In summary: Reduce the circle of influence (by reducing the scope) and take away the ability to change (by using const).

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Show Me Your Signature, and I’ll Tell You Who You Are

When you write your function signatures, you have a choice between passing values, pointers or references. You might be able to make any of them work for the compiler, but what do they tell the user?

Note that even though pointers and reference are somewhat related, and mostly communicate the same thing, they have different suggestions about ownership.


1: Pass by value

void foo(Bar b); I need to copy your object, because I need to modify it, and you don’t want to see the change. (Except for built-in types, which are usually passed by value even though they are not modified by the function.)

2: Pass by reference/pointer

void foo(Bar& b); void foo(Bar* b); I need a reference to your object, in order to modify it, beacuse you need to see the change.

3: Pass by reference to const

void foo(const Bar& b); void foo(const Bar * b); I won’t need to modify your object, and I don’t want to pay the price of a copy.

You could argue that 1 just means I will leave your object alone, and doesn’t say anything about modification. But if you aren’t going to modify it, you should use 3, so I think 1 explicitly states that the object is going to be modified (invisibly to the caller). Unless of course the argument is a built-in type.

Return values

1: Return by value

Bar foo(); Here, take this object and do whatever you want with it, I won’t touch it again. It’s yours.

2: Return a reference

Bar& foo(); There is an object over here that you can use. Someone else might silently change it, though. By the way, I own it, and it is my responsibility to delete it. (If foo() is a non-static member function, you can usually assume that won’t happen until the object on which it is called goes out of scope. If foo() is a static function, you can usually assume this won’t happen until the program exits.)

3: Return a pointer

Bar* foo(); There is an object over here that you can use. Someone else might silently change it, though. By the way, I might delete it at any time. Or maybe that’s your responsibility, and if you don’t, you’ll have a memory leak. But I won’t tell you which one it is! You need more information to be sure, for instance the documentation. Often, you can also deduce ownership from the situation. A singleton retains ownership, a factory does not.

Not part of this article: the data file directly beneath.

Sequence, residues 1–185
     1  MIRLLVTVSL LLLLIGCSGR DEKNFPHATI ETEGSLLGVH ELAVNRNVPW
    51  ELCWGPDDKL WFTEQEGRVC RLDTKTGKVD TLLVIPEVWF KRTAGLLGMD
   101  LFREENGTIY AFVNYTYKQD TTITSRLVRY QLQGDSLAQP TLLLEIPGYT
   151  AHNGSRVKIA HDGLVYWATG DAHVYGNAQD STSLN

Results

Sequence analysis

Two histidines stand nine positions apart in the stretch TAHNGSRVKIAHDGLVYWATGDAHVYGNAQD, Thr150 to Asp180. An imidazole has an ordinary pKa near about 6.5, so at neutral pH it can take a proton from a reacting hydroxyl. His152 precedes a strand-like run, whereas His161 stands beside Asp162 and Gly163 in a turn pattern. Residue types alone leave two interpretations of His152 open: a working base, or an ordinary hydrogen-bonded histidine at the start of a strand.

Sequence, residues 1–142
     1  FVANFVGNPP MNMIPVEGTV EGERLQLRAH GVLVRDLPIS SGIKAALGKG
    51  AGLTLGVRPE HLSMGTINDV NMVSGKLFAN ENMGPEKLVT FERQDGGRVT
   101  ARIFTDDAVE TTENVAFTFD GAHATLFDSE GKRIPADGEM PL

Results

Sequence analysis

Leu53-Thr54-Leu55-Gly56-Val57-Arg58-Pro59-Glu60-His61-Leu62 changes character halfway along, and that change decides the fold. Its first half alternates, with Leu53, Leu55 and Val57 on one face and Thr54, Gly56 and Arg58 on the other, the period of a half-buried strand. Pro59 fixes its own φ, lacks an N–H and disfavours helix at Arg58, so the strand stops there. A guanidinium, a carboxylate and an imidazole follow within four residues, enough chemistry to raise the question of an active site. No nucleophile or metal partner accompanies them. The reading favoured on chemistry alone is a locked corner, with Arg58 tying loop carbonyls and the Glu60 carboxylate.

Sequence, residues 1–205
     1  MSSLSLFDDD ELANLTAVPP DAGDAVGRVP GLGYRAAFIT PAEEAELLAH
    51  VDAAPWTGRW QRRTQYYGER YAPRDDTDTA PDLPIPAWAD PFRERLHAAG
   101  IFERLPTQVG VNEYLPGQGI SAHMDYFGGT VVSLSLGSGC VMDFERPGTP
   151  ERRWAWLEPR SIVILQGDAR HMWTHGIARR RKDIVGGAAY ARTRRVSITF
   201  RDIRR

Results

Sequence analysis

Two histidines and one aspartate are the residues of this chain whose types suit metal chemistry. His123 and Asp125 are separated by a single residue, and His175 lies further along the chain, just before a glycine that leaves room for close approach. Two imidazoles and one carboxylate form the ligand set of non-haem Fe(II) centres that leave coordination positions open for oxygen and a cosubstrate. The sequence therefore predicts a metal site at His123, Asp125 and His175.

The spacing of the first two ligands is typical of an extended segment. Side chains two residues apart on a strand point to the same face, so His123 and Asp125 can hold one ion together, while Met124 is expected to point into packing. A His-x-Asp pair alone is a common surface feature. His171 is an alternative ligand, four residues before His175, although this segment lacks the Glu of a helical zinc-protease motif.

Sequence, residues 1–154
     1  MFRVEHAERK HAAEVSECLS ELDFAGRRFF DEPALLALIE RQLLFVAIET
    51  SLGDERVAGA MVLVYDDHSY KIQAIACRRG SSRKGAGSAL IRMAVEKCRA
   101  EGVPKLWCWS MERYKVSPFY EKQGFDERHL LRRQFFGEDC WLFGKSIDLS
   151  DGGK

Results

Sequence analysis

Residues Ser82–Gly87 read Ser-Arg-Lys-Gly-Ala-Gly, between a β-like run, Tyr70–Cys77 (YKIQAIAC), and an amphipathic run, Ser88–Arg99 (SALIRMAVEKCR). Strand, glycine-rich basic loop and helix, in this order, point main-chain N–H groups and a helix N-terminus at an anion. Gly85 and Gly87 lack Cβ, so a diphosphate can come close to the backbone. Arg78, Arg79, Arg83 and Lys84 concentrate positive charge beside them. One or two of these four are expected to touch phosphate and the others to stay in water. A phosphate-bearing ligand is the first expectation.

4: Return a reference/pointer to const

const Bar& foo(); const Bar* foo(); There is an object over here that you can use, and I promise it won’t change, even if I still own it. Rules of deletion are as in 2. The reason I don’t list the ownership issues for the pointer in this case, is that I think const is an indication that ownership is retained. If it was not, why use const at all?

A Summary of “const”, Part One

Over the last two weeks, I have mentioned const a couple of times.

const is an often used keyword in C++ (though I would like to see people use it even more), and the different uses can be confusing. In this post I will try to summarize the most common uses:

Constant variables

Constant variables are simple, they cannot be changed after initialization:

const int answer = 43; //Cannot be changed  (even though I know you want to)
answer = 42; //Nope, not today.

Constant pointers

Constant pointers are a bit more involved, as the pointer can either be constant itself, point to something constant, or both, or none:

int x = 1;
const int c = 43;

const int * p1 = &c; //Non-const pointer to something const
p1 = &x; //So we can change what it points to
         //(Also note that a pointer to const can point to something non-const).

int * const p2 = &x; //Const pointer to something non-const.
p2 = c; //Not allowed, cannot change what it points to
*p2 = 2; //But can change the thing it points to

int * p3 = &c; //Cannot point to something const with a pointer to non-const
int * const p4 = &c; //Not even with a const pointer